Thursday, December 15, 2011

Dog rescue

Dog Rescue - Do You Have What It Takes?

Volunteers are the unsung heroes of dog rescue. They put thousands of miles on their cars and vans transporting dogs, spend a lot of money that they are sometimes reimbursed for, but more likely are not, lose their hearts on a regular basis to abused, sick or injured dogs, senior dogs, puppies, three-legged, blind and deaf dogs; dogs that, were it not for these human guardian angels, would be euthanized unnecessarily or simply thrown away like garbage.

Every single one of these volunteers chooses rescue. Some volunteers make a deliberate choice to get involved. Still others adopt a dog from a rescue group and before they realize what's happened, they are spearheading the adoption activity in their community.
That's what happened to me 20 years ago when my family adopted our first ex-racing greyhound. Back then, the fact that ex-racers existed was little known outside of the dog racing industry. Less than a month after bringing our male, ex-racing greyhound, Comanche home, my husband and I were volunteering to transport dogs.
Five months after that, I had taken on a leadership role in coordinating all of the adoption activity between the race track in New Hampshire and the central and western areas of New York state. I held the title of Volunteer Director for 7 years.
You could say I have an insider's understanding of what it's like to be a volunteer for dog rescue organizations. Here are a few reasons why you might want to think about volunteering. Just to hold nothing back, I'll include one very important reason why you shouldn't volunteer.
If you've never had a dog, volunteering can be a rewarding way to learn about lots of different dogs or about one specific breed. Think you might want to learn about German Shepherds? Look for a German Shepherd rescue group in your area.
What about Dobermans, Pitt Bull Terriers, Jack Russells, or Boxers? For these and every breed of dog, there are breed specific rescue groups. Any one of them would welcome an extra pair of hands.
Before you contact any dog rescue groups, think about how much of your time you want to commit. If you've got a couple of hours over the weekend and like to drive, helping out with a transport might be a perfect use of your time. Regardless of when during the week you have time, be careful to set boundaries around your availability so that you don't end up living rescue 24 hours a day.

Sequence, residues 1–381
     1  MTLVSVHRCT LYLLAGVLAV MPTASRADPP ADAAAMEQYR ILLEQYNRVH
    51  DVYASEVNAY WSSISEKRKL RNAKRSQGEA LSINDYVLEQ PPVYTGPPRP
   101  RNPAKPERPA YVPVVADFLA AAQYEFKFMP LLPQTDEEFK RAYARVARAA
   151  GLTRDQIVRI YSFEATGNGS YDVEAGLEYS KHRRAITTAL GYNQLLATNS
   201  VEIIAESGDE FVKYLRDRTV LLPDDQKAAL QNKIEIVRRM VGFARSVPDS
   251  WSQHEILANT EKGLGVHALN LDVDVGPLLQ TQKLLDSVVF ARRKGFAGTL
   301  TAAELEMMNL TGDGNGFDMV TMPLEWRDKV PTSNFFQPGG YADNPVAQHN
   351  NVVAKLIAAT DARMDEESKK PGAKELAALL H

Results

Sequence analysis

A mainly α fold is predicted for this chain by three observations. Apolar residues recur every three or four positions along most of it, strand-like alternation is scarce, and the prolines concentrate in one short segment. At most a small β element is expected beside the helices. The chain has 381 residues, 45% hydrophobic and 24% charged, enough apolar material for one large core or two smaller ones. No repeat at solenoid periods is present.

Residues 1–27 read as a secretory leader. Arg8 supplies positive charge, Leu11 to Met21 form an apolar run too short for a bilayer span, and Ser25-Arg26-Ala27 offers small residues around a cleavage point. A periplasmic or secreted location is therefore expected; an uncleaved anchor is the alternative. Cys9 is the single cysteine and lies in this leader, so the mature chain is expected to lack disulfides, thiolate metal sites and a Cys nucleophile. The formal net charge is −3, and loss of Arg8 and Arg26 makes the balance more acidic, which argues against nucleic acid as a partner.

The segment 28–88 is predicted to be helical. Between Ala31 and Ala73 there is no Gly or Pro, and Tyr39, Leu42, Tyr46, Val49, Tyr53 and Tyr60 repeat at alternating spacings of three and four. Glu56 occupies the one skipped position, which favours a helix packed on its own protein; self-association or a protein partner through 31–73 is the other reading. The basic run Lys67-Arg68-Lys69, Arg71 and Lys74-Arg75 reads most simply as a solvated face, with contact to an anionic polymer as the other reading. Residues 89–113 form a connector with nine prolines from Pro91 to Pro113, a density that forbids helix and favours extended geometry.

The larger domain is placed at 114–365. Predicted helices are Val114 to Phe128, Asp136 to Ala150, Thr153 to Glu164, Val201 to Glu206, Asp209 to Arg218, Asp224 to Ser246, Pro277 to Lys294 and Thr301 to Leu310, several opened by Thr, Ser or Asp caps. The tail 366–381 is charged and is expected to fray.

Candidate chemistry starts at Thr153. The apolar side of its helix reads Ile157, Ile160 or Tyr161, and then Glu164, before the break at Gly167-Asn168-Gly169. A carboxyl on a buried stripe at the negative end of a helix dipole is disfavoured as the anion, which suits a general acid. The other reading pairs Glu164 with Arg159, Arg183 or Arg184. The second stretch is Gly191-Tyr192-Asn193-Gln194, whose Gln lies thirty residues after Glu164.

Are you dog-knowledgeable and is your yard fenced? You might want to think about providing foster care for a dog in need. This is a big time commitment. More importantly, it's an emotional commitment that will test your ability to love a dog on a short-term basis. This is also the biggest hole in any rescue group: the majority of groups can never have enough foster homes.
Are you dog-knowledgeable and unable to have a dog of your own? Find out if any of the dog rescue groups include obedience classes for their dogs waiting to be adopted. Maybe you can commit to taking one of their dogs to obedience.
There are other ways to volunteer if you don't want to have direct contact with the dogs. If you're a computer geek, offer to assist an organization with their web site or online promotional materials. What about offering to help set up and tear down for a public event where this group will be showcasing their dogs?
What about being a guardian angel for a dog that needs surgery before it can be adopted? Make a monetary donation that is within your budget and be supportive in a way that not everybody stops to think about.
That said, what about helping out with a fund raiser? Lack of funds is always a challenge for rescue groups and they are always looking out for ways to raise money.
You can see by this list, that there are lots of ways for you to become actively involved in dog rescue. If this is true, why would I caution you away from this type of volunteer work?
Quite simply, if you are one of those people afraid to have your heart broken not once, but more times than you'll be able to count, you may find this kind of volunteer work more than you bargained for. Dog rescue is not for the faint hearted. And, it will change you in ways you never imagined.
So, if you think that you're fine just the way you are and you never want to risk falling in love with God's creatures, stay away. Stay far away.
Kathy H Porter blogs about rescue dogs and how they transform our lives. Visit: to claim your free report for tips on how to change your behavior by what your dog can teach you.

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